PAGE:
[10]

Joshua Copperman: I’ll talk about the note first; a shout into the insurmountably toxic void, the climax of a harrowing vocal performance that nonetheless feels fully in control, refusing to truly be angry. It’s the song in miniature, which never becomes a kiss-off and remains empathetic despite everything that’s happened to her. Indeed, “Praying” is not just about forgiveness, it’s about the perhaps vain hope that she can forgive at all. The F6 is empowering, symbolically taking back control over her own voice, but it is also despairing. As Kesha says herself right before, “some things, only God can forgive.” On the production side of things, Ryan Lewis properly uses the power that usually just propels Macklemore’s indulgences, wisely choosing to accentuate the already clear dynamics of the song instead of going over the top. There’s the way the drums come in without so much as a warning swell, the haunting counter-melody in the bridge, and the vocal distortion when Kesha finally belts on “the best is yet to come.” It’s not Ryan’s song though; he’s only there to accentuate Kesha’s intensity. 
[9]

Alfred Soto: In a singer less powerful and committed than Kesha, the piano melody would send me under the covers. In any other song than “Praying,” I wouldn’t give a shit about autobiographical details.
[7]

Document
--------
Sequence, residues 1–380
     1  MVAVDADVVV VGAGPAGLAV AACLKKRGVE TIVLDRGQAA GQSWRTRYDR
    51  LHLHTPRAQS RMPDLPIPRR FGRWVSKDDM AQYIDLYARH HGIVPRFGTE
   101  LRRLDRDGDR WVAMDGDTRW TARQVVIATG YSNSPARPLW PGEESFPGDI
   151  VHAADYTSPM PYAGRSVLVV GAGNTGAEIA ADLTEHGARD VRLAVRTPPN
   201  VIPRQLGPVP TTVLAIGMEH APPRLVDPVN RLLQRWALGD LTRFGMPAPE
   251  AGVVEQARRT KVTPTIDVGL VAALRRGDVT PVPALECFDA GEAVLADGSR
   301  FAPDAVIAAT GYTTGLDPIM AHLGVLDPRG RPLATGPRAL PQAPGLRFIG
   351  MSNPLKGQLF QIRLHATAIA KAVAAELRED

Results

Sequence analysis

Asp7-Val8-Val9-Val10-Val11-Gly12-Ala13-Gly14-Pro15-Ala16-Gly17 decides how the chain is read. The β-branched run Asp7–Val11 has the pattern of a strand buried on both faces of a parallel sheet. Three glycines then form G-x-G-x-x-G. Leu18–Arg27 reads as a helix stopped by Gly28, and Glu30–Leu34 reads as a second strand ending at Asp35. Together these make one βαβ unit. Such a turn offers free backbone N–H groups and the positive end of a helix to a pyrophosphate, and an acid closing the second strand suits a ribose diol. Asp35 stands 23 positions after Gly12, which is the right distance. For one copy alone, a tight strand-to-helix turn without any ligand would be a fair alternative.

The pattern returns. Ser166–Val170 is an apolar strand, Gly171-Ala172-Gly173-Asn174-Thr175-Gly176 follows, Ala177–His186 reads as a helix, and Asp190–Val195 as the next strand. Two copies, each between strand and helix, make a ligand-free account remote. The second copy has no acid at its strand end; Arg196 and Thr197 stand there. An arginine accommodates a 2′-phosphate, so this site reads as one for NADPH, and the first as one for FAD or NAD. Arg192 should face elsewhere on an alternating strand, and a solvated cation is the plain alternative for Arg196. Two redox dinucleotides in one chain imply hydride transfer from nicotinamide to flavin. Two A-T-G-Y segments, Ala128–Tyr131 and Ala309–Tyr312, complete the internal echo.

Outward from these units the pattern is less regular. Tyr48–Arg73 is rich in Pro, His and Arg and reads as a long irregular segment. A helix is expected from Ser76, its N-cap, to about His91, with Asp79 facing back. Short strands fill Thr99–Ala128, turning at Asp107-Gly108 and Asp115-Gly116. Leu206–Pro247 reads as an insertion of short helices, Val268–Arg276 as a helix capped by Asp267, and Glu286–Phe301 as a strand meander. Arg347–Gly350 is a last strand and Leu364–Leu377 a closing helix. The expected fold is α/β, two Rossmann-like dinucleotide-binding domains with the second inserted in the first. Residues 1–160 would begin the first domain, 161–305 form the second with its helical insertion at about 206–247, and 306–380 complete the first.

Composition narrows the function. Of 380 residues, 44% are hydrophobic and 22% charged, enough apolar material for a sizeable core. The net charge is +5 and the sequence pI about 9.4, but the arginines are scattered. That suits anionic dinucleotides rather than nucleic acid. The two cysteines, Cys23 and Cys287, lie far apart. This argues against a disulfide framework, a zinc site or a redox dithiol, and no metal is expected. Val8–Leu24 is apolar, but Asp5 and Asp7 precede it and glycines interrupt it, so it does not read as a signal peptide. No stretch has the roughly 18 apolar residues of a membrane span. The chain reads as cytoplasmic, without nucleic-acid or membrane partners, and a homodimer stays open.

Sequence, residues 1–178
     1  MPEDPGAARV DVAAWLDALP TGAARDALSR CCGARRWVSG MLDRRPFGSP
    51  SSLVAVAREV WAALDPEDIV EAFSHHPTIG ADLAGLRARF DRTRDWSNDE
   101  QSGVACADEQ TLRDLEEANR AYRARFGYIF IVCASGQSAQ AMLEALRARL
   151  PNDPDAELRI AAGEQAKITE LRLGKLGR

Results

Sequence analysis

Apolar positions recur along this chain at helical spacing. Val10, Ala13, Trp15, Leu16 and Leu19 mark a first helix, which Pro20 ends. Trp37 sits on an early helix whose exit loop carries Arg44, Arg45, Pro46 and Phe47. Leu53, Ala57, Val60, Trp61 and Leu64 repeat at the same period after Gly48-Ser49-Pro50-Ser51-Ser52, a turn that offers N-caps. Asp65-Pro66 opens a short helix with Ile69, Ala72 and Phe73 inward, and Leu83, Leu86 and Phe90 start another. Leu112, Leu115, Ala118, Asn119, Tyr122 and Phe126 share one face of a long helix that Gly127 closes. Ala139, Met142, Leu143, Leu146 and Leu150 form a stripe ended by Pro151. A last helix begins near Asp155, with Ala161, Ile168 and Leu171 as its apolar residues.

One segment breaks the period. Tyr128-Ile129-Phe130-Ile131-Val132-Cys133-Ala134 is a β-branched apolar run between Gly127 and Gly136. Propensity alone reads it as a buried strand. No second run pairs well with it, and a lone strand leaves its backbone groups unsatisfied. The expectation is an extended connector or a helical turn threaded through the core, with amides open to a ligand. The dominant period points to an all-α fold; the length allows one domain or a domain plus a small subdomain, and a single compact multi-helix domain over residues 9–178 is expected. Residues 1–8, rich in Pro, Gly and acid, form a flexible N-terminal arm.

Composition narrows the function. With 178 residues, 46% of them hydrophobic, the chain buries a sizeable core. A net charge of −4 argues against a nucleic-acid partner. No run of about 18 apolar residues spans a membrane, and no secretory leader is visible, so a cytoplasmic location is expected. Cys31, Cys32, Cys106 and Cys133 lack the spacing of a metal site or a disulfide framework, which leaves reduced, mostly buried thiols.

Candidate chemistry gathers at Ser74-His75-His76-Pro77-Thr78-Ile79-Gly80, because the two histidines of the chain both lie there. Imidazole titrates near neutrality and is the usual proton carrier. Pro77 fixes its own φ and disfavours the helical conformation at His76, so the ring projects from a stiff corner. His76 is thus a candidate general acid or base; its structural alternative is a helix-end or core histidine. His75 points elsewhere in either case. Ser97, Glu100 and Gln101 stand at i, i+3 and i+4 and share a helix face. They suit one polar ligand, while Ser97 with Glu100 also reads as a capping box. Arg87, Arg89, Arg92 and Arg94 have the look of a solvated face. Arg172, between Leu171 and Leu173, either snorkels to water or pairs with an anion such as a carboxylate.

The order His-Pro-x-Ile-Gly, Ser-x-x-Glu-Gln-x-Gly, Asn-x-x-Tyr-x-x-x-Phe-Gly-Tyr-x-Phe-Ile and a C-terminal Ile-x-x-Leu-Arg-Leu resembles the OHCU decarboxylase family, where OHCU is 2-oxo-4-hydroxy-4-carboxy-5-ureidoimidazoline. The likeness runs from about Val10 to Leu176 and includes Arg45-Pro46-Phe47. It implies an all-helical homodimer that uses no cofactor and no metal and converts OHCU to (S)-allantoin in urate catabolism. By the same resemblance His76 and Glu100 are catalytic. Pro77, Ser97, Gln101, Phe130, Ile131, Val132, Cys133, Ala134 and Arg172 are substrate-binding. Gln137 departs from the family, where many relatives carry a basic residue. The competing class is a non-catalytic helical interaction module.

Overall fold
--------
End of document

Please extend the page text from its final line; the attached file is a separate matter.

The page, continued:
William John: Release a ballad promoting empowerment and the need to remember one’s worth, include some big notes, and set yourself for the throngs of pale imitators on music reality television. That’s the conventional narrative. But courtrooms have availed us of specifics in this case, and in such context, “Praying” carries with it so much more catharsis, so much more voltage than other songs of similar denomination. There’s also an unusual contrast between the go-for-broke-ness of the F6, the way the drum thuds enter with all the momentum of an avalanche, the rasp and ferocity of “they won’t even know your name!!!”, and the unexpected chivalry of wishing nothing but the best for that person who has wronged you. One would think that sentiment would undercut the song’s clout; that the message should be “fuck it all and go to hell,” and that’s the end of it. But “Praying”‘s potency is all the more extraordinary for its positing of the perpetrator as the true repository of shame and humiliation. “Praying” is evidently personal and critical to Kesha’s own healing, but if that scream is enough to allow one victim of abuse to realise that their internalised shame is their perpetrator’s cross to bear, and not their own, then the song has served its purpose.